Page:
In Eruvin, 13b, the Gemara concludes that it would have been better for man to not have been created. How can this be, given that Hash-m created us for our good?
TOSFOS (DH No'ach Lo) answers your question. Tosfos says that this statement of the Gemara does not apply to Tzadikim. For Tzadikim, it is indeed better that they were created than had they not been created. It is for those Tzadikim that Hash-m created the world, and for them it is for their good. The statement of the Gemara applies to those who have not conquered their Yetzer Hara. (As for why they were created, see Insights to Berachos 6:3.)
The question only gets started if we translate the Gemara as "It would have been better for man..."
I heard in the name of Rav Aharon Lichtenstein, shlit"a that the Gemara's expression here "No-ach lo l'adam..." is different than "Mutav lo l'adam...". The Gemara is not expressing a value judgement (what would have been BETTER), rather it is making a statement "It would have been EASIER for man if he were never created...."
When the Gemara says in Berachos (43a), "No'ach Lo l'Adam... It is No'ach for a person to throw himself into a furnace and not to embarrass his fellow man in public," it does not seem to mean that it is easier for a person to throw himself into a furnace, but that it is better to do so. Similarly, in Kidushin (40a) when it says, "It is No'ach for a person to transgress in private and not to desecrate the name of Heaven in public," it does not seem to mean that it is easier.
I phoned Rav Lichtenstein, shlita, and I asked him about his explanation, and he answered that the word "No'ach" has both connotations, and which connotation is used depends on the context in which the word appears, so that here, "No'ach" means "easier," while elsewhere it may mean "better."
Perhaps, according to Rav Lichtenstein's explanation of the Gemara here, since the subject of the word "No'ach" is not really the person but the person's Neshamah (since the Gemara is referring to the state before the person was created), it could be that in those other places "No'ach" also means easier, but it is referring to the person's Neshamah. Thus, it is easier for a person's Neshamah to be thrown into a furnace and not to sin by embarrassing someone in public, and it is easier for his Neshamah to sin privately and not to desecrate the name of Heaven in public.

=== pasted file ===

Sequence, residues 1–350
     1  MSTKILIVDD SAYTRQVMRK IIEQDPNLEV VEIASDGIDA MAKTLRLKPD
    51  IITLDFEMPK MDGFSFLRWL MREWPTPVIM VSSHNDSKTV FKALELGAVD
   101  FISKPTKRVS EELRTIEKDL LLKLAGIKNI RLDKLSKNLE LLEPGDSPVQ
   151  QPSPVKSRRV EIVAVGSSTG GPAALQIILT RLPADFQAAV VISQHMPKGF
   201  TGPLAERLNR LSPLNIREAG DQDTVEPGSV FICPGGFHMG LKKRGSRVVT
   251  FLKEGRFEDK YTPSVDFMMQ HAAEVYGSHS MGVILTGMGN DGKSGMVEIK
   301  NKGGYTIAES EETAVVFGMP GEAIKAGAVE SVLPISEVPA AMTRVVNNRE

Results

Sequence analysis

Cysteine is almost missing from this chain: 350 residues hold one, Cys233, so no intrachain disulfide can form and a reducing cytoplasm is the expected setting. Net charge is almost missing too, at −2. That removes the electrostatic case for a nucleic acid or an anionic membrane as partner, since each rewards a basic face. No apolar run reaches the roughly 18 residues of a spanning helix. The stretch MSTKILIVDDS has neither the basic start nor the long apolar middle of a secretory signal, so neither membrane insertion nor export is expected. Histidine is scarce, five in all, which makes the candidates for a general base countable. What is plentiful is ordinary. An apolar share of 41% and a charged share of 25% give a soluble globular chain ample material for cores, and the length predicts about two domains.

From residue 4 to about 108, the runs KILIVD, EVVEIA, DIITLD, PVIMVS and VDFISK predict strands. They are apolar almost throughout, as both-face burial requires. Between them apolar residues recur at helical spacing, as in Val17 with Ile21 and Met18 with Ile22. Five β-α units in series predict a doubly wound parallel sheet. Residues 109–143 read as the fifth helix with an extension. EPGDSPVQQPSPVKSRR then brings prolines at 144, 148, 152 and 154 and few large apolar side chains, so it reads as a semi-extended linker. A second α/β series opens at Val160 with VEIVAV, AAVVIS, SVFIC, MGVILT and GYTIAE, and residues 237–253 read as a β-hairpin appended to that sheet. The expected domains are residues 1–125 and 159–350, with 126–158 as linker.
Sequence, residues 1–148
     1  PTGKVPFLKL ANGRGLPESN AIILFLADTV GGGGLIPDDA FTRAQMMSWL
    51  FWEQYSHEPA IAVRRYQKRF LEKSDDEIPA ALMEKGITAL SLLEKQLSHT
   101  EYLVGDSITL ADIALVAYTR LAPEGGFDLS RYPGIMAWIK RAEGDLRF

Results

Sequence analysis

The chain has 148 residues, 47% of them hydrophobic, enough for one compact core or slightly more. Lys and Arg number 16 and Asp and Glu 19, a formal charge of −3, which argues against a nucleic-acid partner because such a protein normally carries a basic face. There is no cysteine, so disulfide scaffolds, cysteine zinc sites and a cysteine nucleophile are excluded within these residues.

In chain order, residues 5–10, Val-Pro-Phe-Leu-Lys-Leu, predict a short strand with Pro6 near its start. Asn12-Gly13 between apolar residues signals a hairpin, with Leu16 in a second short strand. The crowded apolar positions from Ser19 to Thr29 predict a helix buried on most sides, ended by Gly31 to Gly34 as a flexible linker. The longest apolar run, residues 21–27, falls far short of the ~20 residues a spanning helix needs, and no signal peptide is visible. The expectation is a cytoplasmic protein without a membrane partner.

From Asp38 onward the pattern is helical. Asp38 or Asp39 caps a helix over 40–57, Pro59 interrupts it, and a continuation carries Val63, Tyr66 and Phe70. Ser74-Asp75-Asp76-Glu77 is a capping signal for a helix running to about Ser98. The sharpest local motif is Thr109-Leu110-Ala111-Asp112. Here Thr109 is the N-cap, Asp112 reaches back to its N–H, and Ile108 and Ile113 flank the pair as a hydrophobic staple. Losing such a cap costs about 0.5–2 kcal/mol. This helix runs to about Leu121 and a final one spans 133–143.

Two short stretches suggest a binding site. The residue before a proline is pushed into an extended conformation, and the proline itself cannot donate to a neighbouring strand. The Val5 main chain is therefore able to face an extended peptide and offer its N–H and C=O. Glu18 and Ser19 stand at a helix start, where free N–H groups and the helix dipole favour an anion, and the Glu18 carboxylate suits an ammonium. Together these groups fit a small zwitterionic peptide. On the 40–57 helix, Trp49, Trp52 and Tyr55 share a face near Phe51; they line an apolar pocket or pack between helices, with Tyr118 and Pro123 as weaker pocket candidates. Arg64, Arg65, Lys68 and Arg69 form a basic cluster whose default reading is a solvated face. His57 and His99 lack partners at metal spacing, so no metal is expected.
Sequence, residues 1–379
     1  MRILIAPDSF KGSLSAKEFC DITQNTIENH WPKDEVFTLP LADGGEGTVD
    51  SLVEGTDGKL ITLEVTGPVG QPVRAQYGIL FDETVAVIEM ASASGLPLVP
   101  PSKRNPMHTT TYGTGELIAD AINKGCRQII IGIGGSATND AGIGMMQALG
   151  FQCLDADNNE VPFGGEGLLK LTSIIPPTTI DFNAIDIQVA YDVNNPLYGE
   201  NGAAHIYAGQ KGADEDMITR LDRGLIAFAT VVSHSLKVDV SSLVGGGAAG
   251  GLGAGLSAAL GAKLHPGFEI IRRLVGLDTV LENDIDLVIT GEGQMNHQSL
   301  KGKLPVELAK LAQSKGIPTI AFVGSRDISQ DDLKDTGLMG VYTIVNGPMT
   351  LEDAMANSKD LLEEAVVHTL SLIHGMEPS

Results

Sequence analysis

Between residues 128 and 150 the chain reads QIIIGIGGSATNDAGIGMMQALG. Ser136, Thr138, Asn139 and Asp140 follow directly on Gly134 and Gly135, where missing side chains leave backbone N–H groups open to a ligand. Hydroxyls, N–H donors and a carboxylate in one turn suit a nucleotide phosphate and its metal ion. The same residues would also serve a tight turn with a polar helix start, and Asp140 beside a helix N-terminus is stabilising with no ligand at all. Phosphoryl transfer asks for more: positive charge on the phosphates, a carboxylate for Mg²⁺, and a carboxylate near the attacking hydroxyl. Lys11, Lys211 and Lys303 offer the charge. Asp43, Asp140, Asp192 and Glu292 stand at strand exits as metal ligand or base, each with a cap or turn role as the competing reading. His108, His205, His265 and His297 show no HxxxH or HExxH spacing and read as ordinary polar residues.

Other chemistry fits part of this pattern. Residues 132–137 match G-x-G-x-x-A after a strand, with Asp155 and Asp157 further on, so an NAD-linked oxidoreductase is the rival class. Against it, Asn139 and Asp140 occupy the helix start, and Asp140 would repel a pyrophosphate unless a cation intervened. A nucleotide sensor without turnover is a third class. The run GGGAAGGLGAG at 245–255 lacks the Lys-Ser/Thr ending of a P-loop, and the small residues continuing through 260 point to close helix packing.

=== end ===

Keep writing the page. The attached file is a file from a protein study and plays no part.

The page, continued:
>> In Eruvin, 13b, the Gemara concludes that it would have been better for man
to not have been created. How can this be, given that Hashem created us
for our good?<<
>> The Kollel replied: ... For Tzadikim, it is indeed better that they were created than had they not been created. It is those Tzadikim whom Hashem created for their good. The statement of the Gemara applies to those who abuse the opportunity of having been created by sinning....<<
In regard to your answer, isn't it obvious that someone who didn't conquer their Yetzer Hara would have been better off not having been created? Why would the Gemara need to debate this point?
"To conquer" the Yetzer ha'Ra means that one no longer has to fight against it anymore. "To not conquer" the Yetzer ha'Ra means that every time the opportunity to sin comes to a person, he has to fight with his Yetzer. That is the characteristic of the "Beinonim" (as opposed to the Tzadikim, and as opposed to the Resha'im; see Sefer ha'Tanya).
This is the basis for the argument whether it would have been better for man not to have been created: was it better that man was created, giving him the potential to conquer his Yetzer, or would it have been better had man not been created, because the risk (the potential loss) overrides the potential gain.
However, Harav Yehudah Landy (Telzstone) pointed out to me that the Vilna Gaon actually relates to your question, of why Hashem created man if the tests are so hard to pass (Even Sheleimah). He answers with an entirely new interpretation of the Gemara. The Gemara is referring to a soul that lives and sins and is sent back to earth after death to live another life (Gilgul). It is debating whether it is worthwhile to get, and take, another chance, or it is better to just stay in heaven and bear the punishment. The Gemara concludes that it is better not to come back as a Gilgul, but if one does he should "feel his deeds." This means that he should determine which bad deed he sinned with the first time around -- which caused his return -- by trying to feel out which sins he finds particularly "attractive" and hard to resist. Then he should conquer his Yetzer Hara for those sins, in order to rectify them.